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ReVision

The Most Fundamental Error of Thinking

We need to guard against it.

Pitfalls for the Mind (6)

“These things you have done, and I kept silent;

You thought that I was altogether like you;
But I will rebuke you,
And set them in order before your eyes.” Psalm 50.21

Asaph
Surely, this is the most fundamental error of thinking humans ever make: to think of God, spiritual things, worship, human life, the world, and everything else from our vantage point rather than His.

This was Israel’s problem in the days immediately following the construction of the temple. These were high-flying days for Israel, days of great prosperity and influence, when the nations of the world looked to Solomon and Jerusalem as the source of wisdom and wealth (cf. 1 Kgs. 10).

Asaph prophesied during this time. Appointed by King David to lead the musicians in worship, Asaph was ready to serve when, under Solomon’s leadership, David’s vision finally came to reality.

But the deeper reality Israel experienced as the temple was being built, shielded from the eyes of most, was the disastrous state of the nation’s spiritual life. As glorious as the temple was, and as powerful as Israel became during the reign of Solomon, the rot of spiritual and moral compromise set in, even in the king’s household, and under his leadership (cf. 1 Kgs. 11).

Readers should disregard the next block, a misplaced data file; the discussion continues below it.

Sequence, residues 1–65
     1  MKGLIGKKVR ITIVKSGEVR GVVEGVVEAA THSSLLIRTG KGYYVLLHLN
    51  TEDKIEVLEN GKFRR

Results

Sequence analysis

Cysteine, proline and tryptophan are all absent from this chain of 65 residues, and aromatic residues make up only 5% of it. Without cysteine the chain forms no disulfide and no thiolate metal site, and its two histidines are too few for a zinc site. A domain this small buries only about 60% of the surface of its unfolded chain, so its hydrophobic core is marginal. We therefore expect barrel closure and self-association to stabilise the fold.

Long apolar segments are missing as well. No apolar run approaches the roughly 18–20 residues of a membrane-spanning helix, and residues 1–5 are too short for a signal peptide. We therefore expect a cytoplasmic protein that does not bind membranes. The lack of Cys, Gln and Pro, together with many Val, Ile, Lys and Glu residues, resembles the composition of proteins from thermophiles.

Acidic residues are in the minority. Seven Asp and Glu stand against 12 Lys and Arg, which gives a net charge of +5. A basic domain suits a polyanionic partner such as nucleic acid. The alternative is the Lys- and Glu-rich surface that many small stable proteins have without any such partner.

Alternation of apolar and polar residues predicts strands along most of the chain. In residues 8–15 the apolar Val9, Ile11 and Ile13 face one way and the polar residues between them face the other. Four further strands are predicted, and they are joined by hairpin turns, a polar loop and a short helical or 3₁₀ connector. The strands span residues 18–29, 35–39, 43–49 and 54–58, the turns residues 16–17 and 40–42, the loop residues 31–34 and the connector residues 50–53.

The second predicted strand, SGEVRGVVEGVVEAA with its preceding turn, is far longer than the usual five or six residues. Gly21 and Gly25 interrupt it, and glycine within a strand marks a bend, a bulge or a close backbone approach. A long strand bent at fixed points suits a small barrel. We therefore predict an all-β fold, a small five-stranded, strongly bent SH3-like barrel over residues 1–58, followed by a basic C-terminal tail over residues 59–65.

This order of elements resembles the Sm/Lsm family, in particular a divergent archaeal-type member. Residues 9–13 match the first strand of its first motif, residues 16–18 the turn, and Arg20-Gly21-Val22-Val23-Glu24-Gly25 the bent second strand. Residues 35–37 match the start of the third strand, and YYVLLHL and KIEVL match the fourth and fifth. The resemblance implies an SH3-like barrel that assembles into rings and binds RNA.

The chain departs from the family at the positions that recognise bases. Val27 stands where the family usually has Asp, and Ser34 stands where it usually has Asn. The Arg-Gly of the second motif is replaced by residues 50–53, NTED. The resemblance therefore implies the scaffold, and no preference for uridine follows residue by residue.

Outward success and growth; inward shallowness and self-seeking. It’s a familiar story.

Asaph could see what was happening. And even though the nation was safe, strong, and surfeited with wealth, he knew that, spiritually, things were going awry. The people had persuaded themselves that God was just like them, that He thought like they did, and so was agreeable to their doing things their own way, indulging all their base desires, and pursuing their schemes for success – all the while continuing an outward show of faith.

Asaph saw the sham in all this. He is the author of 12 Psalms, (50 and 73-83), and the general tone of those psalms is so out of step with the times in which Asaph wrote them, that many scholars have difficulty assigning these psalms to the Asaph appointed by David.

But Hezekiah, in a later generation, understood the message of Asaph, and he commanded that the psalms of Asaph be used in his day, when the people were trying to emerge from a period of spiritual languishing into the light of revival and renewal (2 Chron. 29.30). Asaph’s psalms can lead us to revived thinking as well.

Not like us at all
We will not mature in the mind of Christ if we keep thinking that God is like us, that above all He wants us to be happy, wants us to enjoy ourselves and not to inconvenience ourselves in any way, whether spiritual or material. We deprive ourselves of the blessings of God so long as we think we can worship Him as we like, serve Him as we please, make His Word say whatever we want, and pick-and-choose our way through the life of faith. This is what Solomon and Israel did, and it’s what we do as well; and, since we do it in the Name of the Lord, we must think that He thinks like we do about following Jesus, that as long as we continue to “worship” Him, we can do pretty much whatever we want, and still consider ourselves to be Christians.